Similarly, if you choose to have an online event or to focus your fundraising efforts on a fundraiser webpage, the budget can be exponentially lower.
You’re going to need a plan, and that means deciding how you want your audience to find out about your fundraiser. We recommend using social media, email marketing, and your website as the main channels to spread the word. Then, add some additional strategies that are more targeted—for example:
- Blog posts that discuss specific fundraising topics in detail (like “The Ultimate Guide to Sponsoring Your Team for the Breast Cancer Society”).
- A newsletter with updates about new projects (such as “We Just Launched Our First Nonprofit Fundraiser Campaign!”).
- Press releases announcing new fundraisers.
The first step in creating your marketing budget for the fundraising campaign is to choose goals for the year. This can be as specific as raising $5,000 by the end of June or as broad as increasing awareness among donors and volunteers. Once you’ve determined what kind of goal you want to achieve, you need to assign some sort of budget to each channel.
We recommend starting with a small number for each channel at first, and then adjusting based on performance over time. You can also use this data to determine the most cost-effective channels and allocate more funds there in future years.
When you’re creating a nonprofit fundraiser, it’s important to identify your audience. This will help you decide what kind of content will resonate with them.
You should know who’s going to be reading this piece and what their interests are. The best way to do this is by talking with people from that community or doing some research online about the demographic or interest group you’re targeting (e.g., “people who like to read about technology”).
It can sometimes be hard for nonprofits to find their niche because they try too hard not to offend anyone in particular; however, there are ways around that! For example, if we were trying to reach millennials in our marketing efforts, then we could choose topics such as food security or climate change; these issues affect younger generations more than older ones due to their increased exposure through education/online articles.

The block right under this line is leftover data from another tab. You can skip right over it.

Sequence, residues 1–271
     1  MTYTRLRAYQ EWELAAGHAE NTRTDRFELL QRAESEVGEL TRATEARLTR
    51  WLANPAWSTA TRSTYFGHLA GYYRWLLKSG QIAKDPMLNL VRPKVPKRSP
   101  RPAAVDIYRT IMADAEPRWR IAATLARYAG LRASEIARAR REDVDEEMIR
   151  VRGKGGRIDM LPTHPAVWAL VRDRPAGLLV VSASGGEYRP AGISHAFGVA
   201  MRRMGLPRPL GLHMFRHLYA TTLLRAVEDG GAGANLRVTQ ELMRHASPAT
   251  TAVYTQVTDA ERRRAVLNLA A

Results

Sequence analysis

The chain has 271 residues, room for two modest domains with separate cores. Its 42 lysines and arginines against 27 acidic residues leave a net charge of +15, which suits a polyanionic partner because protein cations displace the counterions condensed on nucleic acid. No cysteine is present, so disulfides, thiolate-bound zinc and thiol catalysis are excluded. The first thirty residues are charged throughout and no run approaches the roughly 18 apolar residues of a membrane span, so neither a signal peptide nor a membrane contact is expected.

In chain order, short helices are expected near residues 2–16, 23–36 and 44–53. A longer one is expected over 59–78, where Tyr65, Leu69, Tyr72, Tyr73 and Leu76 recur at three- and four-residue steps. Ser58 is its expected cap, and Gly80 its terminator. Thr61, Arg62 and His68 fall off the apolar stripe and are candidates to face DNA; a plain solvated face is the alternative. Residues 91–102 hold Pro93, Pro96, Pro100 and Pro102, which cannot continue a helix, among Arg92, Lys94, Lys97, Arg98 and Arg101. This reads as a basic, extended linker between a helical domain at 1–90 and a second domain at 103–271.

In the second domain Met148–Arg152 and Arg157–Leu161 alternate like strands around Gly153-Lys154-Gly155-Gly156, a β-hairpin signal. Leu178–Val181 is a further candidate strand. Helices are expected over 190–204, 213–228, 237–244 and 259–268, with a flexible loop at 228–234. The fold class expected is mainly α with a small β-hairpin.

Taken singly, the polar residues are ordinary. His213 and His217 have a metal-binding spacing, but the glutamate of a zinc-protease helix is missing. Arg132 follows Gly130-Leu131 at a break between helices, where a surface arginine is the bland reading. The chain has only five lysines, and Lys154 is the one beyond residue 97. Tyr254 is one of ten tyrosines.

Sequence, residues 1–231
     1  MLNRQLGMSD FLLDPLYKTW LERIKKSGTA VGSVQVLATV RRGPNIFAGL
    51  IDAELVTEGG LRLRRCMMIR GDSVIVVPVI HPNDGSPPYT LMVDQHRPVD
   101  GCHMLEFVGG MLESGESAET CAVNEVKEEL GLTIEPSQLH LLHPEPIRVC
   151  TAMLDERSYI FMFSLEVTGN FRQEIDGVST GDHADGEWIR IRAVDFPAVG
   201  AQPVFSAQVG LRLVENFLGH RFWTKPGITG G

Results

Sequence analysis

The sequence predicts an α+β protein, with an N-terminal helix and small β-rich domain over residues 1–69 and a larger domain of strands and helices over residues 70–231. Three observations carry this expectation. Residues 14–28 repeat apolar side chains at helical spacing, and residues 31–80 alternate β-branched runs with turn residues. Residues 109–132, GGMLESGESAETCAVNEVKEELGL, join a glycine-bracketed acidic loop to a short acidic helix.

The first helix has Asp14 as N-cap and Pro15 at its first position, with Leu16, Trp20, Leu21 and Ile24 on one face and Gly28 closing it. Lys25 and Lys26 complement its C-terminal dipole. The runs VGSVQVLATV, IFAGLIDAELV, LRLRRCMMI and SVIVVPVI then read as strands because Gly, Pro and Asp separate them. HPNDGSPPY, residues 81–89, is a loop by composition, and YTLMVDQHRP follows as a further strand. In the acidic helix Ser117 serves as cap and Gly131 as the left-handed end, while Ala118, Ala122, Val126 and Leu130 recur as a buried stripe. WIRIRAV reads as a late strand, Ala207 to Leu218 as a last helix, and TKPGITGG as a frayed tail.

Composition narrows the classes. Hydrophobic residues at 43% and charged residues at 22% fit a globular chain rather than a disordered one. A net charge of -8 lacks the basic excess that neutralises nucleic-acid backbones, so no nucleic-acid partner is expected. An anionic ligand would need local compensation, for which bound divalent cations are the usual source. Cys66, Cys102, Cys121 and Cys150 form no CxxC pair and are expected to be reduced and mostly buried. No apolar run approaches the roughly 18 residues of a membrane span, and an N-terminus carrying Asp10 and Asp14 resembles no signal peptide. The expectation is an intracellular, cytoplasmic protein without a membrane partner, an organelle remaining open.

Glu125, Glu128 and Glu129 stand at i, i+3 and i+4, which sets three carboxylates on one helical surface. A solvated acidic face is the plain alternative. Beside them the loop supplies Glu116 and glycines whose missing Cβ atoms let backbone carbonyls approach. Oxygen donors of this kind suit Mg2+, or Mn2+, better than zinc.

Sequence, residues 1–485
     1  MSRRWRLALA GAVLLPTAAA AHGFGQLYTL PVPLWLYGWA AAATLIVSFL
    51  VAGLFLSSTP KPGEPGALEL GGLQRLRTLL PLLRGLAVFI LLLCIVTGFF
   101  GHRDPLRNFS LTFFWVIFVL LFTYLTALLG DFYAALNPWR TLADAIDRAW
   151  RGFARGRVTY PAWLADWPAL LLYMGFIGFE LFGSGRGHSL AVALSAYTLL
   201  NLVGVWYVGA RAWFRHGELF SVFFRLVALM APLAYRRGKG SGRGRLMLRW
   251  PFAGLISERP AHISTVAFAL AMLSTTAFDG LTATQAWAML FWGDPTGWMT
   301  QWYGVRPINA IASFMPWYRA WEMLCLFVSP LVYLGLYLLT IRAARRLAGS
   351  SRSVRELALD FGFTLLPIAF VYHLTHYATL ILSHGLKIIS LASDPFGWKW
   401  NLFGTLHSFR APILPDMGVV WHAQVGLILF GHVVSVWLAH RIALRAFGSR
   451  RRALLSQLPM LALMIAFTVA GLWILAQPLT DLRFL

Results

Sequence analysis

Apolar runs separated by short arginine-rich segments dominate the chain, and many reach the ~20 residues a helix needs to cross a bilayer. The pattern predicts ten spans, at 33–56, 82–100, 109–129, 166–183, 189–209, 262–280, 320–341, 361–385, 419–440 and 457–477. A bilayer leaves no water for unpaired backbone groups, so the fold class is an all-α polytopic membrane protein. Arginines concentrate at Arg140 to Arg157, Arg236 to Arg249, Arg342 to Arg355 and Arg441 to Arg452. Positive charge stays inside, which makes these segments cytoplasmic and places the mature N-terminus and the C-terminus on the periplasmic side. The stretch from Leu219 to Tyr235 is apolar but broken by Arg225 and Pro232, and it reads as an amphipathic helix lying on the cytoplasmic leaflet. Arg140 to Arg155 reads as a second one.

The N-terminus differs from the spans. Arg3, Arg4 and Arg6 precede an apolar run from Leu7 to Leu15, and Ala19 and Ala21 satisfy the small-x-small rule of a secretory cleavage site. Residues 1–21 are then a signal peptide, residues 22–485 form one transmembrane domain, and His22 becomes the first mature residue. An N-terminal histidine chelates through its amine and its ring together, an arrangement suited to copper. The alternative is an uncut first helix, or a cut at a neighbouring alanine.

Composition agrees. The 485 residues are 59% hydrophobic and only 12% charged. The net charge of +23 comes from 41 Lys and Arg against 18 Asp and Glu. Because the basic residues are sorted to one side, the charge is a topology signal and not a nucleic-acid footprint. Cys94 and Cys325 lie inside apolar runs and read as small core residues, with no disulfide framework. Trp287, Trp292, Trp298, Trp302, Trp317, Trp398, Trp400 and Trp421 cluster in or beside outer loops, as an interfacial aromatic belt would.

As a nonprofit, a thing that can help you in your nonprofit fundraising strategy is to establish an online presence for your organization. This is especially important for smaller nonprofits that may not have the resources to create ads and buy ad space.
Here are some of the basics:
- Create a website. You can start with WordPress or Squarespace and then hire someone else to customize it for you if necessary or if it’s urgent. Whatever platform you use, make sure it’s mobile-friendly and easy to navigate!
- Create social media accounts. Set up Facebook Pages for both your organization and for each event so people can follow along with updates easily on their phones or computers. Then create Twitter handles (with photos!) as well as Instagram accounts after taking some great pictures at your event…and don’t forget YouTube videos! LinkedIn is mandatory too; this is where professionals go when they want job leads, so don’t leave them out of the loop.”
Generating a fundraising strategy and subsequently shaping fundraising events are the core activities of your nonprofit organization. But, after you collect donations, how do you manage the funds?
That’s the point where Zivo steps in. We believe that there is already enough pressure on nonprofit founders to succeed and grow their organizations while seeking to maintain a healthy work-life balance. We are here to assist you with your nonprofit bookkeeping because of this.
If you need a Canada-based expert to glance at your finances before you decide to move forward with a CFO or on your own, book a free consultation with Zivo.
Link to the material about revenues after you publish it 🙂